As I write this blog, I am nearing the end of my week-long family vacation in Palm Desert. While we’ve had lots of fun splashing around in the pool, everywhere I turn I am bombarded by scenes and memories of violence.
Vignette #1: We left on Sunday, July 14–the morning after a jury in Florida found George Zimmerman not guilty of second-degree murder and manslaughter. Regardless of what one thinks about the outcome, including the role(s) that race played in the altercation itself or the jury’s deliberations, the fact remains that 17-year old Trayvon Martin died as a result of gun violence (among other factors). That alone is something we should all grieve.
Vignette #2: I like to catch up on news while on vacation but nearly regretted doing so when I came across
this horrific story that took place in northeastern Brazil during a recent soccer match. On June 30, a 20-year old referee (Otavio Jordao da Silva) expelled 31-year old player Josenir Santos Abreu from a game, the two got into a fist fight, and then the referee pulled a knife and stabbed the player in the chest, who then died on his way to the hospital. Why the ref was carrying a knife in the first place remains unclear.
The story quickly turns more grisly–a mob (comprised of angry players and spectators) stormed the field, stoned the referee to death, quartered his body, decapitated him, and then stuck his severed head on a stake in the middle of the field. I am at a total loss for words about this incident.
Vignette #3: This morning, while browsing our hotel’s complimentary coffee table book about what to see, do, and eat in Palm Springs, I was struck by the glamorization of violence I read on one of their glossy pages. I reproduce it below in full:
Frank Sinatra used to hoist a Jack Daniels flag to alert his Palm Springs Movie Colony neighbors–including Al Jolson, Jack Benny, and Cary Grant–that it was cocktail time. At this 1947 midcentury modern house designed by E. Stewart Williams, Sinatra reputedly threw then-wife Ava Gardner’s possessions onto the driveway after she tried to catch him with Lana Turner. Visitors to the house always look for the chip in the sink where Sinatra famously threw a bottle in a rage.
You can see it, too. You can even rent the four-bedroom, seven bath Twin Palms Estate for a fun getaway for $2600 a night (there’s a three-night minimum and a $350 service fee).
Of course, I get that interest in seeing the Twin Palms Estate is tied to celebrity worship and an appreciation for a particular style of architecture more than a love for violence per se, but I am troubled that tales of marital discord and violence presumably “up” the attractiveness quotient of this site.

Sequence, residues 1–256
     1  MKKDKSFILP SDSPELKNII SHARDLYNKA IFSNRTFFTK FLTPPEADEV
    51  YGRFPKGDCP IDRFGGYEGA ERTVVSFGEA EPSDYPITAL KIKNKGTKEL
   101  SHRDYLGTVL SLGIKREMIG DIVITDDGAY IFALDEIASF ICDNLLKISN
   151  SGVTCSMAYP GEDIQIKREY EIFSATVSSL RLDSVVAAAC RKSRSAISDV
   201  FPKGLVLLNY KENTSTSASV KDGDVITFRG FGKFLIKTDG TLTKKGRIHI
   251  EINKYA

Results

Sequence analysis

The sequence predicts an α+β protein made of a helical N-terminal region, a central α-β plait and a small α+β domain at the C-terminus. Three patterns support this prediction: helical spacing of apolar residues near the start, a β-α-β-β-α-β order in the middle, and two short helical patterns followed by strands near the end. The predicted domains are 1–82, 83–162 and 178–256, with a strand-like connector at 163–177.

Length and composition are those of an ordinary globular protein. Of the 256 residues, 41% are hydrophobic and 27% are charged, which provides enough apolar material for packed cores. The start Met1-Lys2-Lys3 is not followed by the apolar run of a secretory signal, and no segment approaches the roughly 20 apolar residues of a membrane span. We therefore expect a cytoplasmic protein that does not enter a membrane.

Vignette #4: Now closer to home, I am sad to report the lure of our culture of violence in my boys, ages 3 and 5, as well. As parents, our “no toy weapons” policy has meant that we’ve never bought them what so many of their peers have to keep cool in the summer–water toy guns. But in preparation for this trip, what we did instead was buy each of them a shark-themed water squirter.
While they have been gleefully playing with their new toys on this trip, that hasn’t not stopped them from eyeing with envy, and asking to “have a turn” with, the water bazookas and AK47 water guns that other boys at the pool have been daily playing with. Apparently, military-style weaponry, even of the toy variety, is just too tempting for my boys to pass up.
While on vacation and in this intense heat, I’ve no major insights to share about what unites or underlies these four vignettes, save my sadness about the violence surrounding me and my commitment as a pacifist to eschew it in all forms.
Grace Yia-Hei Kao is Associate Professor of Ethics at Claremont School of Theology. She is the author of Grounding Human Rights in a Pluralist World (Georgetown University Press, 2011) and is working on two co-edited book projects–one on Asian American Christian Ethics, the other on a theological exploration of women’s lives.
This blog was originally posted on Feminism and Religion—a blogsite dedicated to exploring the “f” word in religion and the intersection between scholarship, activism, and community.